Saturday, May 14, 2011

Contraindications for removal of impacted teeth

All impacted teeth should be removed unless specific contraindications justify leaving them in position. When the potential benefits outweight the potential complications and risks, the procedure should be performed. Similarly, when the risks are greater than the potential benefits, the procedure should be deferred. Contraindications for the removal impacted teeth primarily involve the patient's physical status.

Extremes of age

The third molar tooth bud can be seen radiographically by age 6. Some surgeons think that removal of the tooth bud at age 7 to 9 can be accomplished with minimal surgical morbidity and therefore shoud be performed at this age. However, most surgeons believe that it is not possible to predict accurately if the forming third molar will be impacted. The consensus is that very early removal of third molars should be deferred until an accurate diagnosis of impaction can be made.
The most common contraindication for the removal of impacted teeth is advanced age. As a patient ages, the bone becomes highly calcified and therefore less flexible and less likely to bend under the forces of tooth extraction. The result is that more bone must be surgically removed to displace the tooth from its socket.
Similarly, as patients age, they respond less favorably and with more postoperative sequelae. An 18-year-old patient may have 1 or 2 days of discomport and swelling after the removal of an impacted tooth, whereas a similar procedure may result in a 4 or 5 days recovery period for a 50-year-old patient.
In an older patient (usually over age 40) with an impacted tooth that shows no signs of disease and that has a layer of overlying bone (usually at least 4 mm) the tooth should not be removed. The dentist caring for the patient should check the impacted tooth radiographically every 1 or 2 years to ensure that no adverse sequela occurs.
If the impacted tooth shows signs of cystic formation or periodontal disease involving either the adjacent tooth or the impacted tooth, if it is a single impacted tooth underneath a prosthesis with thin overlying bone, or if it becomes symptomatic as the result of infection, the tooth must be removed.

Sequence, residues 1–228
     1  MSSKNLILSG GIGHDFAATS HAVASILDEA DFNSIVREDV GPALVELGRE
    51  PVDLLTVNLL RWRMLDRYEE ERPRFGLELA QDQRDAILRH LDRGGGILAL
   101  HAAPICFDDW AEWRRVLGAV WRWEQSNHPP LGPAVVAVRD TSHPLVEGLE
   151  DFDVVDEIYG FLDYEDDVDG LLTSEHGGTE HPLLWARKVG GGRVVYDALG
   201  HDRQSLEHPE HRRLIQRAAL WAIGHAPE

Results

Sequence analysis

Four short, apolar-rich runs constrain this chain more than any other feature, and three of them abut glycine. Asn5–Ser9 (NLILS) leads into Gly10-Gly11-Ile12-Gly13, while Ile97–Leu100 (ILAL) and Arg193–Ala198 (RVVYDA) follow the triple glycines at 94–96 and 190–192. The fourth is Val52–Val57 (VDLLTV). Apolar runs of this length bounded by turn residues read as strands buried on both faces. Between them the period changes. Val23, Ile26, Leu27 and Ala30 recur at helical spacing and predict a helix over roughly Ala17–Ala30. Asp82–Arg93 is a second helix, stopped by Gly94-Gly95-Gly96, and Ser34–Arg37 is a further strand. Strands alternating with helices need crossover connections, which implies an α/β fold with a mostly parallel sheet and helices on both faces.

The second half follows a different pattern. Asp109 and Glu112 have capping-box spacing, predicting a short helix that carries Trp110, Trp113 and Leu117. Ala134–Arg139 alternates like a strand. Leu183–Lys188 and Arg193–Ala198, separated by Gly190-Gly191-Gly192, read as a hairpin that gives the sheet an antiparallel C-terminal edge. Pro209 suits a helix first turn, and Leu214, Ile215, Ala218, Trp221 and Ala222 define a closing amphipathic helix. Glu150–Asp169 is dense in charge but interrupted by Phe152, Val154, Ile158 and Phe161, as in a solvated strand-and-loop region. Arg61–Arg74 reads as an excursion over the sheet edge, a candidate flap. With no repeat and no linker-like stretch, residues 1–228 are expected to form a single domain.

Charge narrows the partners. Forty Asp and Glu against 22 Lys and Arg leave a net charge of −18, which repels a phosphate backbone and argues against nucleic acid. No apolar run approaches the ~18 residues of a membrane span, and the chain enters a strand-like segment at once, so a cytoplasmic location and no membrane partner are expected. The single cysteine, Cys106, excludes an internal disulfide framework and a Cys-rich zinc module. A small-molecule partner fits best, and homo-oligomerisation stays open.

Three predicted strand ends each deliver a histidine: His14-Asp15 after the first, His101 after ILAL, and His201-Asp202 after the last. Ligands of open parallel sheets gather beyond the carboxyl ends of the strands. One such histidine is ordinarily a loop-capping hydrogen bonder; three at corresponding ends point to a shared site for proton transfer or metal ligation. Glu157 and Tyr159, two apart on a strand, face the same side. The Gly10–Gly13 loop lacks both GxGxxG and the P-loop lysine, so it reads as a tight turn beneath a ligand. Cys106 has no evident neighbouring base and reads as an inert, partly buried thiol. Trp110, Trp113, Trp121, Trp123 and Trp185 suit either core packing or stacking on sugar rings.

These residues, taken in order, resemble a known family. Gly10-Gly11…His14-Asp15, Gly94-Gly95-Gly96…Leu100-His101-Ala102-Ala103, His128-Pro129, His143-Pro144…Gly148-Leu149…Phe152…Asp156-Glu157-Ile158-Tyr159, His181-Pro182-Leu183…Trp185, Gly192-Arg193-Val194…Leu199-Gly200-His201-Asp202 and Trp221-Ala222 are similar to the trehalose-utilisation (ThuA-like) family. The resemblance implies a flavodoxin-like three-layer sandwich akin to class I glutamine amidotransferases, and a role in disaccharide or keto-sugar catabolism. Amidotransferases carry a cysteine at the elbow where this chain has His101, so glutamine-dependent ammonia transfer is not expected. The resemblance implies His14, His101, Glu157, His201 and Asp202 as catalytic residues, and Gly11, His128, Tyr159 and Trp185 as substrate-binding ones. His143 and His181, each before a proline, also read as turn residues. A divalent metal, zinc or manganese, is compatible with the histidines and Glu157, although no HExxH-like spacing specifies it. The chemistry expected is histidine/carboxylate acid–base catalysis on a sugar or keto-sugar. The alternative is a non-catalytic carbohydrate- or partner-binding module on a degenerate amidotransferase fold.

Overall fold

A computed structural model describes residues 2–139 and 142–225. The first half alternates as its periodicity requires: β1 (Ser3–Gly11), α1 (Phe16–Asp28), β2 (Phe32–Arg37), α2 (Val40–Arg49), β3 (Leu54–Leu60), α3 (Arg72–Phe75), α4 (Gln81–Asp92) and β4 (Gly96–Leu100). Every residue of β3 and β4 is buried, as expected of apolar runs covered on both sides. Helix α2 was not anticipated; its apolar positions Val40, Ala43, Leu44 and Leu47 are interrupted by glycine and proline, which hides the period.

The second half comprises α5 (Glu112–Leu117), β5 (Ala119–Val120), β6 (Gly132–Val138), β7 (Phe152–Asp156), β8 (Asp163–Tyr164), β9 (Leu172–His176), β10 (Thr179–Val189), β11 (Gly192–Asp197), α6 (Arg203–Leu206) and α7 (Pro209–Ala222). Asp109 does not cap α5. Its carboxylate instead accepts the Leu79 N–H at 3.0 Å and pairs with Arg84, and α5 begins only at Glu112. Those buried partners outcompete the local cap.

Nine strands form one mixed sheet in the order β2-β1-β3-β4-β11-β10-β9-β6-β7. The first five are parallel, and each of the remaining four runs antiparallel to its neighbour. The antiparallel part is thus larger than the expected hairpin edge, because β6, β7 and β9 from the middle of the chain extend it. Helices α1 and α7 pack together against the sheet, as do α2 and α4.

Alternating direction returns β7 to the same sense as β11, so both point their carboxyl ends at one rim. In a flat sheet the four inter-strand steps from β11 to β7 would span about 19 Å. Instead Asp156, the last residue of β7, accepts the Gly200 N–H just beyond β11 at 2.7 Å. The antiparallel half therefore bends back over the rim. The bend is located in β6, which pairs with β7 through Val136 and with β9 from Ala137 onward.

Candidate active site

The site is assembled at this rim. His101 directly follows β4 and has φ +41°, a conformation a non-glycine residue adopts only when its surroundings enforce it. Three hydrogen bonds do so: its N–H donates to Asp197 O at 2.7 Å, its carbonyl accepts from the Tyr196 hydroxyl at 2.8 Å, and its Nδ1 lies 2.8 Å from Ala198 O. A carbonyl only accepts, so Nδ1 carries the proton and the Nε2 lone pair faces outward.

Compromised medical status

Similar to extremes of age, compromised medical status contraindicates the removal of an impacted tooth. Frequently, compromised medical status and advancing age go hand-in-hand. If the impacted tooth is asymptomatic, its surgical removal must be viewed as elective. If the patient's cardiovascular or respiratory function or host defenses for combating infection are compromised or if the patient has a serious acquired or congenital coagulopathy, the surgeon must consider living the tooth in the alveolar process. On the other hand, if the tooth becomes symptomatic, the surgeon must work carefully with the patient's physician to remove the tooth with the least operative and postoperative medical sequelae.

Probable excessive damage to adjacent structures

If the impacted tooth lies in an area in which its removal may seriously jeopardize adjacent nerves, teeth, or previously constructed bridges, it may be prudent to leave the tooth in place. When the dentist makes the decision not to remove a tooth, the reasons must be weighed against potential future complications. For younger patients who may suffer the sequelae of impacted teeth, it may be wise to remove the tooth while taking special measures to prevent damage to adjacent structures.
However, for the older patient with no signs of impending complications and for whom the probability of such complications is low, the impacted tooth should not be removed. A classic example of such a case is the elderly patient with a potentially severe periodontal defect on the distal aspect of the second molar but in whom removal of the third molar would almost surely result in the loss of the second molar. In this situation the impacted tooth should not be removed.


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